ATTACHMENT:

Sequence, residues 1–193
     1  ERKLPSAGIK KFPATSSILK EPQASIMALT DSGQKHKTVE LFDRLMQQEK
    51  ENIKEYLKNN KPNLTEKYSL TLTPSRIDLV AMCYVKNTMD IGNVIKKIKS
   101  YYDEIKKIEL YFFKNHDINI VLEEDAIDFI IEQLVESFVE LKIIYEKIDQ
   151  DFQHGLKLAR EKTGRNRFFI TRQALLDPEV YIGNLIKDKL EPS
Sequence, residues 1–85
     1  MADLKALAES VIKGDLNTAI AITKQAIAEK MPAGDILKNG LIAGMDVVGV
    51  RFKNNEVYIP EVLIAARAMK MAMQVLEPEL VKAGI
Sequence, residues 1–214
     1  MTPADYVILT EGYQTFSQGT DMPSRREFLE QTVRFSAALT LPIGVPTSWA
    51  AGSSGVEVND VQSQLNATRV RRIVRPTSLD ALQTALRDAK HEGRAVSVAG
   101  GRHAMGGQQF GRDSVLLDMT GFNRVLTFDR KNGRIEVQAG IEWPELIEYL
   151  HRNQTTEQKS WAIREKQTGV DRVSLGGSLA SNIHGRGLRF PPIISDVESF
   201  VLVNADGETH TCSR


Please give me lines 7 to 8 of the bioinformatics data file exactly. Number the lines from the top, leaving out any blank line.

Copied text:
     1  MADLKALAES VIKGDLNTAI AITKQAIAEK MPAGDILKNG LIAGMDVVGV
    51  RFKNNEVYIP EVLIAARAMK MAMQVLEPEL VKAGI